• USFS campgrounds are very often primitive (no hookups) and may or may not have picnic tables. Some USFS campgrounds and campsites are free and others charge a small fee.
  • BLM land is public land and it is free to camp but there are no amenities and the sites are primitive.
freedom elite class c boondocking on BLM land
When camping on BLM land, you may need off grid power from a generators or solar panels.

When to Choose a Federal Campground

National Park campgrounds are best for those with a small rig. If you have a Class A, a Fifth-Wheel, or a larger travel trailer (25 feet or more will often be too big), this is probably not an option for you. There are usually less-expensive campground options outside of the parks, so this is your best option if the National Park is very remote or vast. Many of these book out months in advance so often times this is only an option if you can reserve far in advance. A few do have some sites that are first-come-first-serve.

COE campgrounds are a great option if you’re RVing out East. They are reasonably priced and they are also a great option for almost any rig size.

Forest Service campgrounds are among the best options along scenic byways and drives. They are more common out West and are a great option if that’s where your travels are taking you. Some USFS roads can be rough and sometimes the campsites are small, but this varies. Overall, USFS campgrounds are perfect if hookups are not a must for you, you enjoy being more immersed in nature, or are looking to spend less.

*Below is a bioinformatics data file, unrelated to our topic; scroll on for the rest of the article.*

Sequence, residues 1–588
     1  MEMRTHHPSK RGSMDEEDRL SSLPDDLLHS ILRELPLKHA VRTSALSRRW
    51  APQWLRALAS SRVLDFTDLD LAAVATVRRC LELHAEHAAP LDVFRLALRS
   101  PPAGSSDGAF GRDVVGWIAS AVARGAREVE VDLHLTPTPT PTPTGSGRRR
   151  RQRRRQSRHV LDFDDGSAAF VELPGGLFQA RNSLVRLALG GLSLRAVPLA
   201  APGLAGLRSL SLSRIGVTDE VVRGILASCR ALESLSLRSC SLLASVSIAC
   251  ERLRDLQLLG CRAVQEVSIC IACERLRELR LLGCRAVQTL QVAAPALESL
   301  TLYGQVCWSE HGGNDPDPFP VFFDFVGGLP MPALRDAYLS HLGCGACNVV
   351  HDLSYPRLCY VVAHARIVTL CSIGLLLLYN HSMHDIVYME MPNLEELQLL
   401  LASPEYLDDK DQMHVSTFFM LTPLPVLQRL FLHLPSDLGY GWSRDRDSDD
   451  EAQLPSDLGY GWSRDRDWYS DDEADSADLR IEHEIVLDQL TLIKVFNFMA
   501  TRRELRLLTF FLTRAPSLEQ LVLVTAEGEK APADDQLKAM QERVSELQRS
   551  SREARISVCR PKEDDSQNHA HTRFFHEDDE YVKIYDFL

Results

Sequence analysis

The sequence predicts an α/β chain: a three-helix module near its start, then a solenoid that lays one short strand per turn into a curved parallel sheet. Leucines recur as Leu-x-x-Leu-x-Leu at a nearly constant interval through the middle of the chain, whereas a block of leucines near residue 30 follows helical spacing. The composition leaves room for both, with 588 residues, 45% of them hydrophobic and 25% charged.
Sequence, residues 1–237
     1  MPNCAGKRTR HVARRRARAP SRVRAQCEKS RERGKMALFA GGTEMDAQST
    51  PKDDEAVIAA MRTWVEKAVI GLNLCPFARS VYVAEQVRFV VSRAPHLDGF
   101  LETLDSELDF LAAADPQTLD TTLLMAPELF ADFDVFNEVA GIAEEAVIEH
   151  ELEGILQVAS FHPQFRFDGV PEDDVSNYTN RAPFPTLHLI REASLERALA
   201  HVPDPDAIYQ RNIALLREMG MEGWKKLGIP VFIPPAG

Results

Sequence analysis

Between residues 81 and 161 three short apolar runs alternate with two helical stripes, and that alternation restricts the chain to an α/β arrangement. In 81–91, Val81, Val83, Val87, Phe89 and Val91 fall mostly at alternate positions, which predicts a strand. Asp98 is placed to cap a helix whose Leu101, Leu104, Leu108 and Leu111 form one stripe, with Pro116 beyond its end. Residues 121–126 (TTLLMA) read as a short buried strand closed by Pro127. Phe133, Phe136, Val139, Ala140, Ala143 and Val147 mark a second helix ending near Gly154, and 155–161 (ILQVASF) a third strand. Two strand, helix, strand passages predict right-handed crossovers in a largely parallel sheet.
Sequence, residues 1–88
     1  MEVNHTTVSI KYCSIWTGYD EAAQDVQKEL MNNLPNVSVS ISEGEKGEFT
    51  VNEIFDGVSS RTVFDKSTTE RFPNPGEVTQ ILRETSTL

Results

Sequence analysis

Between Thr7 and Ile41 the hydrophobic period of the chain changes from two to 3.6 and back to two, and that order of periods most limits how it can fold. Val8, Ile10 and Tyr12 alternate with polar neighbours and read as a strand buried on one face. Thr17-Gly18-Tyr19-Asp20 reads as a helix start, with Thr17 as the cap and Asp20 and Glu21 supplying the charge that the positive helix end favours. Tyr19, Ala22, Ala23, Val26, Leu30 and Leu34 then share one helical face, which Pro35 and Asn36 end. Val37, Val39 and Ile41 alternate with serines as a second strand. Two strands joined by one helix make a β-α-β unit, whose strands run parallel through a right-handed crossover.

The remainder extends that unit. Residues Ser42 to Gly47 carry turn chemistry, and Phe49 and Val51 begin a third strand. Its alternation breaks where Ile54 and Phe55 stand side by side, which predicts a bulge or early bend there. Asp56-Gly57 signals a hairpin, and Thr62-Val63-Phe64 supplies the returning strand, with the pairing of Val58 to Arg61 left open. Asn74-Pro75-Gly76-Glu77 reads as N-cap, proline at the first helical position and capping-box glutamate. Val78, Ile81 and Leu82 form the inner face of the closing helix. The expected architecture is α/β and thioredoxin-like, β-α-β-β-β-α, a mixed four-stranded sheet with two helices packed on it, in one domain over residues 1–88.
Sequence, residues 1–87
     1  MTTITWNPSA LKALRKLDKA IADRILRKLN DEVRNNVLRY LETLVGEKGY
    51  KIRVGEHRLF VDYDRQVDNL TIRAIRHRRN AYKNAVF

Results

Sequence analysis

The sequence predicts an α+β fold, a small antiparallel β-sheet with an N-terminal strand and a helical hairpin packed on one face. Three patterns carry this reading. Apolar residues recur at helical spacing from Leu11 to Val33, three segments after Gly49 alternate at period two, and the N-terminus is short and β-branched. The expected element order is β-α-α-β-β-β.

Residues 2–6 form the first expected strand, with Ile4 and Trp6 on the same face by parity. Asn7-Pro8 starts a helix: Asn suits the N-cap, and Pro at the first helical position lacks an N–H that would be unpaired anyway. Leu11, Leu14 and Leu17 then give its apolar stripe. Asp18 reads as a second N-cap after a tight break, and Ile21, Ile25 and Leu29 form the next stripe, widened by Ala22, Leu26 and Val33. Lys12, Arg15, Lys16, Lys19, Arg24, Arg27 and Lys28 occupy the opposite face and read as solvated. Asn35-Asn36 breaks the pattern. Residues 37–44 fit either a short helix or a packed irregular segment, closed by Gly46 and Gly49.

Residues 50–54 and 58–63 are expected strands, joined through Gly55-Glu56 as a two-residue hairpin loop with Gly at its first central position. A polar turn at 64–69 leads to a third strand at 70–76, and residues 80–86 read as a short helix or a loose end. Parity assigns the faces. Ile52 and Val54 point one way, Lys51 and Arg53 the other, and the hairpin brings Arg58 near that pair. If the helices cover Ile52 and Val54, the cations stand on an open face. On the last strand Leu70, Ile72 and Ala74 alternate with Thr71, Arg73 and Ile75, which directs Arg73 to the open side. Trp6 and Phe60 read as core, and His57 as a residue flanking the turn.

BLM land is perfect for boondockers, the best option for privacy, and, like USFS campgrounds, is more readily available out West.

State Park Campgrounds

Campgrounds at State Parks

Most states will have a network of parks and campgrounds. These campgrounds are state-funded, so the experience will vary according to how well that state funds its parks. Some states have their own website specifically for camping at their State Parks (like Tennessee), so it may be a good idea to check each state’s website.

What to Expect at State Park Campgrounds

State Park campgrounds most often have a combination of pull-through and back-in sites. They afford campers more privacy than private campgrounds and many have sites that are roomy with a picnic table and fire ring. Sites are usually level, and the pads can be dirt, gravel, or cement. Sites are most often partial hook-ups. They often do not have sewer hook-ups but have a central dump station available for all campers’ use. They may have both water and electric hookups, or just one of the two.

When to Choose a State Park Campground

State park campgrounds are generally a good middle-ground—they are affordable and often can accommodate rigs of all sizes, including Class A’s and Fifth Wheels. Many state campgrounds have showers and laundry facilities. They’re also a great option for those who want some recreation opportunities—many state parks will have hiking trails, lakes, and boat launches on-site.